2. Buy fresh food that is actually fresh!
How do you know that your food is fresh? Whilst we wait for the sci-fi scanners to tell us the exact nutritional value of each piece of fruit that and veg we have to use what’s already available to us, our eyes! And maybe other senses like touch and smell. Look at colour but most of all your vegetables should not be limp. If they are, they’ve been around awhile and started losing some of their water content and probably valuable nutrient content too.
3. Layer up your bowl with colour, texture and flavour + make sure that you cover all the macro nutrients.
Colour is kind of self explanatory, but what about texture? And what on earth do I mean by cover all the macros? I’ve heard so many times from people saying that “a salad won’t keep me going very long”. Usually this is because their definition of “salad” and my definition of salad is slightly different…
When I say make sure you cover all your macros, I mean that you need to make sure that you include some type of food from each of the three macro nutrient groups of fat, carbohydrates and protein. This way you know that you will be eating a balanced meal. And we are talking salads here as a main meal and not as a side, of course!
Oh and don’t forget to infuse your meal with loving intentions too. That will really elevate the experience to the next level!
To make this bowl construction easier, I’ve put together a handy guide for you to download, at the bottom of this post.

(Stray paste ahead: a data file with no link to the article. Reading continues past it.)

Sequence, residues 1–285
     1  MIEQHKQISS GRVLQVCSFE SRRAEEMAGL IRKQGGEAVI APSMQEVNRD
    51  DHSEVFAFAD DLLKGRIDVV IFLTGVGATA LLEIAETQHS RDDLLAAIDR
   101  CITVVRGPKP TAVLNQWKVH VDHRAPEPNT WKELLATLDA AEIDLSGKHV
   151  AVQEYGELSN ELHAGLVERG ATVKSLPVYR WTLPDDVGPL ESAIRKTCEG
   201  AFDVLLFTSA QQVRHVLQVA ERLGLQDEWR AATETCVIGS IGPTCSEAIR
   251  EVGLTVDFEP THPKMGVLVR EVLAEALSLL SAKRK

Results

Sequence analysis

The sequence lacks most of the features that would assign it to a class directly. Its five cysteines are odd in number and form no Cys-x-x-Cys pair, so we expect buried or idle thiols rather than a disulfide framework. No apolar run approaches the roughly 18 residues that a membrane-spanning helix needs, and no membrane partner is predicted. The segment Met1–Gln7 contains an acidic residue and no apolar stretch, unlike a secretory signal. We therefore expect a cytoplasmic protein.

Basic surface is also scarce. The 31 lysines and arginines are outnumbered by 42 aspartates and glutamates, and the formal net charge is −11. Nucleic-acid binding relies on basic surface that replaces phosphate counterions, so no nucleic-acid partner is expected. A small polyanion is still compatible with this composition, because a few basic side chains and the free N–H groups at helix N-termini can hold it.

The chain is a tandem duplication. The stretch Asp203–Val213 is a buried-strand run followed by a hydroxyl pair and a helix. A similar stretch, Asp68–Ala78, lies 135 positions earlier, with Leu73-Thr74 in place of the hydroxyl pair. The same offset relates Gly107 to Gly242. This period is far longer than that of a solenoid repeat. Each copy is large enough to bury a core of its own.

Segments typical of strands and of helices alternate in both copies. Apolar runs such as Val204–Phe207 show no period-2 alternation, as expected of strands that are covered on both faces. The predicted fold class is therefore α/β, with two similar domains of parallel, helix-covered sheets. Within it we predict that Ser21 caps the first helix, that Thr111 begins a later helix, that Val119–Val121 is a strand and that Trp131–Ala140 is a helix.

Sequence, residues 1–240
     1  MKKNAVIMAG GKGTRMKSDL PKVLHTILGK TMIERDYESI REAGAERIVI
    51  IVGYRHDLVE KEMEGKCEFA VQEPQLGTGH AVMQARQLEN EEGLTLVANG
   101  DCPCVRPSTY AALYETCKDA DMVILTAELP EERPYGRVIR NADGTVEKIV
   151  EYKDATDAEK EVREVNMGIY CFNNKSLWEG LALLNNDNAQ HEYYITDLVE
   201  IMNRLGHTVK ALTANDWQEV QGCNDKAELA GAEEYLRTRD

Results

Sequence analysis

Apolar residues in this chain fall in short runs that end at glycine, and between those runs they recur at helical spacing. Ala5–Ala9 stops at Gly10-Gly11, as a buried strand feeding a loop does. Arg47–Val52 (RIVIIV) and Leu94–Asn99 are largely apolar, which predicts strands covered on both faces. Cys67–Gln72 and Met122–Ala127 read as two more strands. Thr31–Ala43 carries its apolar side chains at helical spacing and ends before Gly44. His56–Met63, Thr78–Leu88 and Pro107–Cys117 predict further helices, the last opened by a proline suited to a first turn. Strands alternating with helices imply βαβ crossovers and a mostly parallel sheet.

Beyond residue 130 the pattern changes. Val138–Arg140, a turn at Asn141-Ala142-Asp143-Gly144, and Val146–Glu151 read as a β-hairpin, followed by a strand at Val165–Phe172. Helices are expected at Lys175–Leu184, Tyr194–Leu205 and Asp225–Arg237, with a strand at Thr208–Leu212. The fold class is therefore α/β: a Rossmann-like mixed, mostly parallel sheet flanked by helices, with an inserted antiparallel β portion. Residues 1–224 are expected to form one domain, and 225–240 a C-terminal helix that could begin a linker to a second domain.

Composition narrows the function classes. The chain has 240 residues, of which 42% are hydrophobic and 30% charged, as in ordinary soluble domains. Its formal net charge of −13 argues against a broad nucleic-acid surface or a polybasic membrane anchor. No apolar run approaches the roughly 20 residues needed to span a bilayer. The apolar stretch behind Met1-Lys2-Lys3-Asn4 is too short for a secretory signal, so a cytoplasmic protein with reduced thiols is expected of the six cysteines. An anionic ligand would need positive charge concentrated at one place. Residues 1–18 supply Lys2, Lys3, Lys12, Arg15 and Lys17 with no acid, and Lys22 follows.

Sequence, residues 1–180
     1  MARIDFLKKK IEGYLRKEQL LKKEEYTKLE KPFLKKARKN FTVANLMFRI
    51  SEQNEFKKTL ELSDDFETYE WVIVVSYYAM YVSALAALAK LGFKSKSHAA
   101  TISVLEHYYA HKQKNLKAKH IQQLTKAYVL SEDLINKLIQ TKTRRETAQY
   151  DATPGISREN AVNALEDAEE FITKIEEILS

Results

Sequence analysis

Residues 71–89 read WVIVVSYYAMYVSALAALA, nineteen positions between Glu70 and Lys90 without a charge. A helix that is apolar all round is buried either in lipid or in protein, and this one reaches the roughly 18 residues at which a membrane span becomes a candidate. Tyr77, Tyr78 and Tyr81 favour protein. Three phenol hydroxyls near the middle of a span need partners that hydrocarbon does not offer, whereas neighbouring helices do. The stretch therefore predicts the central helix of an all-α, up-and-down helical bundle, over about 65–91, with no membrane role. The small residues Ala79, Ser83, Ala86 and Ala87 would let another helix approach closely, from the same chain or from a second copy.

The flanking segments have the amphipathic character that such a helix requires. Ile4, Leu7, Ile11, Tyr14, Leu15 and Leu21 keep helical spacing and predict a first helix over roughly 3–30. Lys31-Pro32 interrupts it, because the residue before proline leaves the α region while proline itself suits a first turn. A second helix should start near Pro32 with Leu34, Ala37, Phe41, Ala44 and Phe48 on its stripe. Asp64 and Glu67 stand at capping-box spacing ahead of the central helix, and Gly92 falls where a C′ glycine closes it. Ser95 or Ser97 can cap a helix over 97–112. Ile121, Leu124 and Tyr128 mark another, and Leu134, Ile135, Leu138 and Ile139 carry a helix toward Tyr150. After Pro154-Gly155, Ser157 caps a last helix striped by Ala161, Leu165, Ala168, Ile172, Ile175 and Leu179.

But now let’s get on with today’s recipe! Not a salad bowl, but definitely a 10 min satisfying lunch option!
There has been times when I’ve bought bread for the pure sole reason that I’ve happened to have a perfectly ripe avocado to hand… Don’t judge…!
That’s how much I really enjoy avocado on toast. I don’t tend to eat bread all that often, but when I do I adopt my no. 1 philosophy as mentioned above. You know, “best quality you can find and afford”. Because if you are going to have bread, you may as well let your tastebuds have a dance party too!
But if bread is not your thing you can enjoy this pesto as a the flavour part of your Rainbow Bowl. Smoother some pasta with it (gluten free or otherwise), add it to some finely sliced courgette ribbons or just as plain side with what ever you add to your bowl!
Makes 4 servings
1 cup fresh coriander leaves
100 ml good quality olive oil
15 cashew nuts
1 clove of garlic, peeled & smashed
Juice of 1/2 fresh lemon
Sea Salt & Black Pepper, to season
One match box size of hard cheese, like parmesan, pecorino, manchego – optional if not vegan
I tend to make my pesto in my Nutribullet but you can use a food processor too.
Add coriander leaves, cashew nuts, the smashed garlic (basically just smash it with the wide side of you knife blade, this promotes the healing properties of it), and cheese, (if using) to your food processor. Add the lemon juice and a pinch of seasoning.
Whilst blending add the oil through the open part of your processor lid. You can adjust amount of oil here this way. You are looking for a nice smooth consistency but not sloppy, so don’t go to heavy handed!
* If you are using your Nutribullet then add all ingredients together into the small container. Pulse the container several times until you have a nicely blended pesto with no lumps. You may have to open the container a few times and scrape down the sides. I also give it a good few shakes between the mini blends to ensure that it mixes and that I don’t burn out the motor of my precious machine!
To serve, simply cut a slice of bread (toast it if you wish), cut the avocado in half and then scoop it out and place on your toast. Mash the avocado with the back of a fork, add some pesto and maybe some sundried tomatoes, a bit of extra black pepper – EAT!
And if you want to get more ideas on how to get creative and create 10 minute meals, simply put your name in the box below!